By Tim Hayes
The vacation, years in the planning, had begun. Our entire family together again at the New Jersey shore. A rented house that exceeded our fondest hopes, the kids – two out of college, one half-way through, coming in from different cities – all gathered in the same place for a few days of fun and the creation of fresh memories.
We gathered our coolers, beach chairs, towels, and assorted effluvia, then made the block-and-a-half shuffle up to the boardwalk then down onto the beach. Rented umbrellas awaited us at our predetermined spot, and we parked there for a peaceful, carefree, happy family day in the sun, sand, and surf.
Then the Rastafarians arrived.
A group of eight vacationers, all in their mid- to late-20s, covered in tattoos, dreadlocks on some of the guys and girls, full of themselves to overflowing, sauntered up to a spot about 20 feet from our encampment. The beach had become a little crowded on this July Fourth holiday, so I didn’t give our new neighbors much thought.
A couple of things did catch my eye, though. One girl had a tattoo of a traffic light on her left arm, extending from her shoulder nearly to her elbow. The green light was on. Okay, two questions: 1) A traffic light? Really? Who gets a giant traffic light inked onto their arm, permanently and forever? And 2) Why is the green light on?
After about 10 minutes, the answer to Question 2 started to come into better focus. It looked like the green light was always on with this particular girl, at least from where I could see, if you get my drift.
Then the group, en masse, tore away any vestige of adhering to social mores, and lit up cigarettes. Rude? Sure. Inconsiderate? You bet. Illegal? On all New Jersey beaches, starting this year, yes sir. Did any of these considerations ever get considered, even fleetingly, by this bunch?
Aw, hell no.
And guess who sat directly downwind? Yup. The Hayes’s. Who cannot stand or stomach cigarette smoke.
But, trying to avoid a confrontation on a crowded holiday beach, and wanting to be as patient and accepting as possible of other people’s idiosyncrasies, nothing got said.
“Let them get this out of their systems,” I thought to myself. “Maybe this will be the end of it.”
Aw, hell no.
Next, one of the dreadlocked Rastafarians pulled out his vape kit, issuing enormous clouds of scented exhalations that, once again, cascaded over us, through our hair, into our swimsuits and cover-ups. The group then passed the kit around, enveloping us in what must have looked from a distance like heavy early-morning fog.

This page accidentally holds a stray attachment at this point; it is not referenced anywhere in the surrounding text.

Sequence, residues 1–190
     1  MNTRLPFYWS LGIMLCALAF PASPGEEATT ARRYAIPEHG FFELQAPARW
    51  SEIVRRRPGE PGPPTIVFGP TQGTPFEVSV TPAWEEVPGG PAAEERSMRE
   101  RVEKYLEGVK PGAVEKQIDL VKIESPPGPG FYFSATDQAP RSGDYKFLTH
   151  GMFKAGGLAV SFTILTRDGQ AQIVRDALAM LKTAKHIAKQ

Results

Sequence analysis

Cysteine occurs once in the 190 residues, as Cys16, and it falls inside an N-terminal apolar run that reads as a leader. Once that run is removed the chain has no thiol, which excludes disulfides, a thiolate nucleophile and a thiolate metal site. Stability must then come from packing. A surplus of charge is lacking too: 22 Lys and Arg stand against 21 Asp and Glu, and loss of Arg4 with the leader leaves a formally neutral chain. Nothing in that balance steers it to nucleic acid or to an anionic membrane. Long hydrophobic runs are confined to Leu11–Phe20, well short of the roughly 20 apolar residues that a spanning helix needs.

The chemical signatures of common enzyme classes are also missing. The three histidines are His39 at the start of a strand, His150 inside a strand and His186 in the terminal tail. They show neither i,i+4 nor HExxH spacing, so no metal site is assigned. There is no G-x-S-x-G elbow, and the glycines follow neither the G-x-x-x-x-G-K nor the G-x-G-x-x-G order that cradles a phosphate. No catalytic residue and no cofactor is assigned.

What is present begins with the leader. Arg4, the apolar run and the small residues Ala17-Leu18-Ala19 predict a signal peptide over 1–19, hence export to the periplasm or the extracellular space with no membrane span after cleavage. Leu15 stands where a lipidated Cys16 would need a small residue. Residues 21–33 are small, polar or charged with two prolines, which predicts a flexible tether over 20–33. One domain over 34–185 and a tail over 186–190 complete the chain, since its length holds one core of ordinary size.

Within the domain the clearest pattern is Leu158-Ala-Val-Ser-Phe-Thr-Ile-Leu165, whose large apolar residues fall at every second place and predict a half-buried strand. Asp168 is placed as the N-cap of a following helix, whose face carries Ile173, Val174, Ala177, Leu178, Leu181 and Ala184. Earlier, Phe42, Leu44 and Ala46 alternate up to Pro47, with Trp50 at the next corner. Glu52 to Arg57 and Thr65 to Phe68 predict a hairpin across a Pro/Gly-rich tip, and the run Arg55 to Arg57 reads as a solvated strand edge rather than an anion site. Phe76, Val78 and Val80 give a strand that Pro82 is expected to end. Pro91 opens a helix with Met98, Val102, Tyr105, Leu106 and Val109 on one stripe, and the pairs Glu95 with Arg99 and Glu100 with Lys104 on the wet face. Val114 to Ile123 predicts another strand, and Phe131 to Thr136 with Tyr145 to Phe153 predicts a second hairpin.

I stared at these ignoramuses, people old enough to know better, becoming angrier and angrier. Surely, they would go down to the water now and give us a break from all this airborne pollution.
Aw, hell no.
The vape kit went away, followed almost immediately by something new. Someone in our party said, “What is that? It smells like a skunk!” To which another family member said, “That’s not a skunk – that’s weed.” Yes, friends, our newest bestest beach buddies had graduated to passing around a joint. Unbelievable.
After two of the males decided to stand up and begin wrestling – not WWE-style, but actual full-throttle wrestling, complete with serious headlocks, throwing each other on the ground, kicking up clouds of sand that started to really annoy people all around them, not just us – I’d reached my limit of tolerance.
We paid a lot of money to take this vacation, and to gain access to this beach. We, along with the hundreds, probably thousands, of other vacationers somehow followed all the rules, showing mutual respect and goodwill in this shared space. But these a-holes had finally gone too far.
“I’m going over to tell those guys,” I announced, loud enough to hear, emerging from under the canvas umbrella, and began marching back toward the boardwalk.
By the time I had returned, with two men in tow beside me, the Rastafarians had stood up and began packing all of their gear in preparation for a hasty retreat. Little did they realize that the two guys with me were in charge of the rented umbrellas, and were about to pull them up and set them in a new spot on the beach – anything to help us get away from the hell-raisers we had come to dislike so very, very much.
They thought I had gone to drag the cops onto the beach for a drug bust. Stoner idiots. Serves ‘em right. Think they’ll set up a few feet from us again, next time?
Aw, hell no. Haven’t you heard? I’m the accidental Surf Narc of this stretch of coastline.
Copyright 2016 Transverse Park Productions LLC and Tim Hayes Consulting